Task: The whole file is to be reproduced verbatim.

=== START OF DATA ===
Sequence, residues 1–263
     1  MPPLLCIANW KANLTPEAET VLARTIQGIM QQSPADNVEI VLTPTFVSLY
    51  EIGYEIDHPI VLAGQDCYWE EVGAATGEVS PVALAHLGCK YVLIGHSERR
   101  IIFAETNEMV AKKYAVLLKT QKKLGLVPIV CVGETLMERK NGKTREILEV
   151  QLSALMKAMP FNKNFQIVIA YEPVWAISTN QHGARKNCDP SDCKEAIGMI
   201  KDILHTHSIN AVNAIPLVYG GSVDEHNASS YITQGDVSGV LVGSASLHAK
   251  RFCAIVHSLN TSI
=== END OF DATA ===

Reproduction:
Sequence, residues 1–263
     1  MPPLLCIANW KANLTPEAET VLARTIQGIM QQSPADNVEI VLTPTFVSLY
    51  EIGYEIDHPI VLAGQDCYWE EVGAATGEVS PVALAHLGCK YVLIGHSERR
   101  IIFAETNEMV AKKYAVLLKT QKKLGLVPIV CVGETLMERK NGKTREILEV
   151  QLSALMKAMP FNKNFQIVIA YEPVWAISTN QHGARKNCDP SDCKEAIGMI
   201  KDILHTHSIN AVNAIPLVYG GSVDEHNASS YITQGDVSGV LVGSASLHAK
   251  RFCAIVHSLN TSI